Coronavirus Aid, Relief, and Economic Security (CARES) Act

The CARES” Act was signed into law by President Trump on March 27, 2020. The CARES Act contains several provisions designed to sustain Americans during the COVID-19 health and economic crisis. Discussed here are the Paycheck Protection Program (PPP), the Coronavirus Food Assistance Program (CFAP) and the Deferred Payroll Tax Program.

Paycheck Protection Program

The Paycheck Protection Program expands the Small Business Administration (SBA) loan program for 100% federally-guaranteed loans to small employers and eligible self-employed individuals impacted by COVID-19. These loans are designed to be forgivable if specific requirements are met.  Unlike many other SBA programs, farms/agricultural businesses are eligible provided they employ fewer than 500 employees.  Eligible self-employed individuals including independent contractors may apply for a loan.

The SBAs guidance provides that the PPP loan proceeds can be used by a Schedule F filer for the following:

  • Owner compensation replacement, calculated based on 2019 self-employment income.
  • Employee payroll costs for employees whose principal place of residence is in the United States.
  • Eligible mortgage interest payments on any business mortgage obligation on real or personal property, business rent payments, and business utility payments.
  • Interest payments on any other debt obligations incurred before February 15, 2020.
  • Refinancing an SBA EIDL loan made between January 31, 2020, and April 3, 2020.

The program has a maximum loan amount of the lesser of either $10 million or 250% of the average monthly payroll costs in the one year prior to the loan plus refinanced Economic Injury Disaster loans received after January 31, 2020.  This loan has a maturity of 2 years and an interest rate of 1%. A borrower is eligible for loan forgiveness in an amount equal to the sum of certain payroll, mortgage interest, rent, and utility payments made during the 8-week period after the loan’s origination date.

Farms/businesses can apply through any existing SBA 7(a) lender or through any federally insured depository institution, federally insured credit union, and Farm Credit System institution that is participating.   The program is a first come first served program and the initial budget allocation of $349 billion allocation was exhausted by April 16, 2020.  A second allocation of $310 billion was approved by Congress and signed by President Trump on April 24, 2020.  Applications for the second round began to be accepted on Monday, April 27, 2020.  This additional funding is expected to be exhausted quickly so farms and agribusinesses should apply as soon as possible.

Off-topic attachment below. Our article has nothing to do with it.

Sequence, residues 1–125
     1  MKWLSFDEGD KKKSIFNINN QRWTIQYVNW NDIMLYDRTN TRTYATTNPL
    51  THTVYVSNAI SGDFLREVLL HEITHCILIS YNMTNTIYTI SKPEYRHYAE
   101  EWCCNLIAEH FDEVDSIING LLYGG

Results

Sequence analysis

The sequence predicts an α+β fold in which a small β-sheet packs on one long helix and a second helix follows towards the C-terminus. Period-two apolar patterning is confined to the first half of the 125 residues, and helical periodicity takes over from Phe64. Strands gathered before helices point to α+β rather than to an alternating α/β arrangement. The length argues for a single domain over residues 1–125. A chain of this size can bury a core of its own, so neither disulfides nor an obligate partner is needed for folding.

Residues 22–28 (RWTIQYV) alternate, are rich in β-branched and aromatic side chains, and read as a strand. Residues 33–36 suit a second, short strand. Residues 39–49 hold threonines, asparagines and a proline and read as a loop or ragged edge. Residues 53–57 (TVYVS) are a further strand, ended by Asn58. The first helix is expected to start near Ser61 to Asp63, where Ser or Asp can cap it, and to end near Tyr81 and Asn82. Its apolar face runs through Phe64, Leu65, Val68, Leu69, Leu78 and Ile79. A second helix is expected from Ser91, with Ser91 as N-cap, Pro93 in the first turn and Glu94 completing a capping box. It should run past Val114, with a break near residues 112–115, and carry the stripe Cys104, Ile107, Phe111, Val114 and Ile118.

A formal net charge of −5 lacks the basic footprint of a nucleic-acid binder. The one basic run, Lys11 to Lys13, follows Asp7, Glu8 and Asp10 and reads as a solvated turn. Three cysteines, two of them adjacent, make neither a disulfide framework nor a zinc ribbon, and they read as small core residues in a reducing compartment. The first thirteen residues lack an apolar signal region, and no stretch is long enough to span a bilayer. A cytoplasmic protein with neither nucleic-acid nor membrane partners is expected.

More information about the program can be found at:

https://www.sba.gov/funding-programs/loans/coronavirus-relief-options/paycheck-protection-program-ppp

or at: https://home.treasury.gov/policy-issues/top-priorities/cares-act/assistance-for-small-businesses

Economic Injury Disaster Loans Program (EIDL)

Farm businesses and agricultural cooperatives with no more than 500 employees may also now apply for EIDL, which gives loans up to $2 million for businesses that suffer economic injuries due to COVID-19.  Because the program ran out of funds, there is a backlog in EIDL applications and the SBA is not reopening the loan portal until it catches up with the backlog.  If SBA does reopen the program, businesses apply directly through the SBA at: https://www.sba.gov/disaster-assistance/coronavirus-covid-19

Businesses may use an EIDL loan for fixed debt, payroll, accounts payable, and other operating expenses due to the pandemic, but cannot use the funds for the same purposes as the borrower’s PPP loan.  The interest rate for EIDL is higher at 3.75% (2.75% for non-profits), but the term can be up to 30 years.